Iranian-American Comedian, Mehran Khaghani--Original Photo: Leah LaRiccia

In some cultures being “openly gay” can be difficult to navigate. Yet, gay Persian comedian, Mehran Khaghani, sets the stage for the rest by joyful example(s): Living and thinking fabulously.

Mehran Khaghani–whose only time spent in the “komode” (closet), is to choose an outfit for one of his many gigs–is a former PM for the office of the President of Provost at Harvard, but more importantly: He’s an incredibly funny and proud Iranian-American!

“I’m tied to the most beautiful culture on the planet,” Khaghani proudly tells us. “Our poetry, music, architecture, the beauty of our hearts…And of course, seeing the Iranian people, and their faces, demonstrating against the Iranian election this past summer brought up the most intense feelings of solidarity and love.  I just kept crying, sometimes out of sadness and sometimes out of sheer inspiration.”

Ahmadinejad–who’s been acronymed “AN” (which coincidentally means fecal matter in Farsi) for short –famously denied the existence of gay people in Iran during his speech at Columbia University in September, 2007.

“In Iran we don’t have homosexuals like in [the US],” Ahmadinejad said then. “In Iran we do not have this phenomenon. I don’t know who has told you that we have it.”

We know quite a few lively, proud, and purely Persian gays here in the US. (And abroad). However, maybe their choice to be openly gay has something to do with the fact that they don’t risk being destroyed for doing so. Mehran asserts that this makes him a “mythical creature: Like some fabulous gay Iranian unicorn only visible to the imaginative and faithful.”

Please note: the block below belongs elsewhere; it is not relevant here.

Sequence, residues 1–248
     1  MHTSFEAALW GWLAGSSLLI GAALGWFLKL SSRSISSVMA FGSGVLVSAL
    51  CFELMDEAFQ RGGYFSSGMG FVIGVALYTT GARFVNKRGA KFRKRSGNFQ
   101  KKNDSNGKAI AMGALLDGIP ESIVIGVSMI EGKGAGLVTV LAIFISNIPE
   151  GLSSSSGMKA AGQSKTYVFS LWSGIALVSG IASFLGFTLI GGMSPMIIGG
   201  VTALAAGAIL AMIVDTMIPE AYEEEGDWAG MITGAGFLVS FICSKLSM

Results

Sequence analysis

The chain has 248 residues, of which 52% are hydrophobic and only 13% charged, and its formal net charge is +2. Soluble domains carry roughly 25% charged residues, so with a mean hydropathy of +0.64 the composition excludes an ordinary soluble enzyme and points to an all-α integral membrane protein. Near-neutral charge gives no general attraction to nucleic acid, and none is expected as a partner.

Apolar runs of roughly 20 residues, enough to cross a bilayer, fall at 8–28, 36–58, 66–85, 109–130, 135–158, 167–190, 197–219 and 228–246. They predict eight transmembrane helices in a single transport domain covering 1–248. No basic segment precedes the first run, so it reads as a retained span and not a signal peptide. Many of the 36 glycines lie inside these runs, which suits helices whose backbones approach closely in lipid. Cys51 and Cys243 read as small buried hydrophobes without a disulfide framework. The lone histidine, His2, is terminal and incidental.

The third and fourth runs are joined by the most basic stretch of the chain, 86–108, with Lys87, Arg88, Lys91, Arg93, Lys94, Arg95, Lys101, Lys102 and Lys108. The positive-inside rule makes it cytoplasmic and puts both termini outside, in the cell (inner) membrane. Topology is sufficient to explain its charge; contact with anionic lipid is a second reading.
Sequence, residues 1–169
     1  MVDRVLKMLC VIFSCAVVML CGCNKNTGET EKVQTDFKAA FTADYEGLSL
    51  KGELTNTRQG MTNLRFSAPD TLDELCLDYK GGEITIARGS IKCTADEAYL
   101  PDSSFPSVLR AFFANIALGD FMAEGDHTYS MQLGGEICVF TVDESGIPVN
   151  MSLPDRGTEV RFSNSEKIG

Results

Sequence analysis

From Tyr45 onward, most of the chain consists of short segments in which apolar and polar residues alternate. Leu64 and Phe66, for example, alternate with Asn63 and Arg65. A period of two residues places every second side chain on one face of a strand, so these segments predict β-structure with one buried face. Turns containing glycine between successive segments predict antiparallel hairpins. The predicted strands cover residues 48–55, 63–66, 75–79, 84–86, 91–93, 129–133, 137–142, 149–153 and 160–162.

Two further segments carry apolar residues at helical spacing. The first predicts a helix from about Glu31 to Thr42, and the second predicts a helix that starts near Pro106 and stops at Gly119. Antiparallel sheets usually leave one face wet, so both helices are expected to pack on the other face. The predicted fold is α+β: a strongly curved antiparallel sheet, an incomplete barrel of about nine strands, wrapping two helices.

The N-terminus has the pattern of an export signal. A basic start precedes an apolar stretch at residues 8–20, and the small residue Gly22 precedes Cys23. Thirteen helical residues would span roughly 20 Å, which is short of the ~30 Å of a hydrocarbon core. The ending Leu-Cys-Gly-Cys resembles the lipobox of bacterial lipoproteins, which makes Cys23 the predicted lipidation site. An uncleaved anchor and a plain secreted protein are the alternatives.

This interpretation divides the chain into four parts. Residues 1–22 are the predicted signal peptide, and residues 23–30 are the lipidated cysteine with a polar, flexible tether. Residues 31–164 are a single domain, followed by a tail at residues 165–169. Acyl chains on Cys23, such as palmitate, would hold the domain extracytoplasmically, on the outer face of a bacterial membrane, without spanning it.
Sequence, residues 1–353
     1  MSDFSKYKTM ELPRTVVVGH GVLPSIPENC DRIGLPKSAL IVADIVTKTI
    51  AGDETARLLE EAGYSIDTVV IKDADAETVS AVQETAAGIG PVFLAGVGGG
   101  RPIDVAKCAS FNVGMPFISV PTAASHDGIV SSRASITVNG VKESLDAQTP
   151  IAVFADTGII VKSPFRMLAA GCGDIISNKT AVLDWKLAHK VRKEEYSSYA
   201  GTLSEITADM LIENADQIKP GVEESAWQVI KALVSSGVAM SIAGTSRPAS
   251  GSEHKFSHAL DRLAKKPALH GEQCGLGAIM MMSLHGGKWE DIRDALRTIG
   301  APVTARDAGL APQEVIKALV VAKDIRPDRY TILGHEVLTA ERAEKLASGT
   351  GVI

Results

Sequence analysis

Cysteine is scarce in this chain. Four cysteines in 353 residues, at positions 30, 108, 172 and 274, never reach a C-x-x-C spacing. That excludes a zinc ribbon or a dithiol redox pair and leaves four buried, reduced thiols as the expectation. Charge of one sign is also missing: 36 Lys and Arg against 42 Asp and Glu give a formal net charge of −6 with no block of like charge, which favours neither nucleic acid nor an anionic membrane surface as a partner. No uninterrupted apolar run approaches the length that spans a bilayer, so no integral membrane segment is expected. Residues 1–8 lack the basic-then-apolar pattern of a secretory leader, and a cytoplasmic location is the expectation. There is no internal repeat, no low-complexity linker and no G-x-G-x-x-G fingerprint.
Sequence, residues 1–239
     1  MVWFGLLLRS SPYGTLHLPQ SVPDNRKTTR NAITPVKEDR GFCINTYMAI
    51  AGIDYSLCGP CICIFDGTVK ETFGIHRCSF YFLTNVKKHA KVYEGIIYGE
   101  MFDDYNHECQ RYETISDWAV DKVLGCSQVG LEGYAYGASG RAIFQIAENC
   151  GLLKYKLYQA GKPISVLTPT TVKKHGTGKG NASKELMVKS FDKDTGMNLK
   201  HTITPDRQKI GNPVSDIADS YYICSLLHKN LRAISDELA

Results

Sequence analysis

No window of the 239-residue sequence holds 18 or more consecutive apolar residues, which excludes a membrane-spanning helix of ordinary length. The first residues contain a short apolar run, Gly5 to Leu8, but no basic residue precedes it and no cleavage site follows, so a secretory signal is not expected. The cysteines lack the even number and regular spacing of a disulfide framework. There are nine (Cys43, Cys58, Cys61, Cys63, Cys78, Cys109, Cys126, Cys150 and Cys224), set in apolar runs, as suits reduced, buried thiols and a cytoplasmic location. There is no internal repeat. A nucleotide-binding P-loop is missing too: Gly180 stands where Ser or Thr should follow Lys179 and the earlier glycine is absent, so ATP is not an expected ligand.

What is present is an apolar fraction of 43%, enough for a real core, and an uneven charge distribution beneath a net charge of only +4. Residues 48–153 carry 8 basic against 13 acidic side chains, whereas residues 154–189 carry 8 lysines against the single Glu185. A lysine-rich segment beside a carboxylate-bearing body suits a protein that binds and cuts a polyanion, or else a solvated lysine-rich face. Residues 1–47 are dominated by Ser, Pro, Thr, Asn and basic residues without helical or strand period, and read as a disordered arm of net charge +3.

“Since the beginning, comedy has been a natural mode of expression for me,” the brainy Khaghani tells us. “Some people process hardship to increase their resolve and seriousness in life, others find the divine absurdity in it.  It’s about exploiting your strengths.”

Recommended to Maz Jobrani–who was recruiting local talent in Boston to include in his own set of shows–by Livenation in December of 2007, Khaghani recalls being “overjoyed” to join Maz’s lineup.  “It was earlier in my career and in terms of my material development, my act was dirtier. I think I made a mistake in not researching Maz’s audience enough,” says the lovable and exceedingly funny Khaghani.  “He was kind enough to give me a second chance to open for him in Washington D.C.:  I came prepared and blew the roof off the sucker.  I’m eternally grateful to Maz for that opportunity.  He’s amazing.”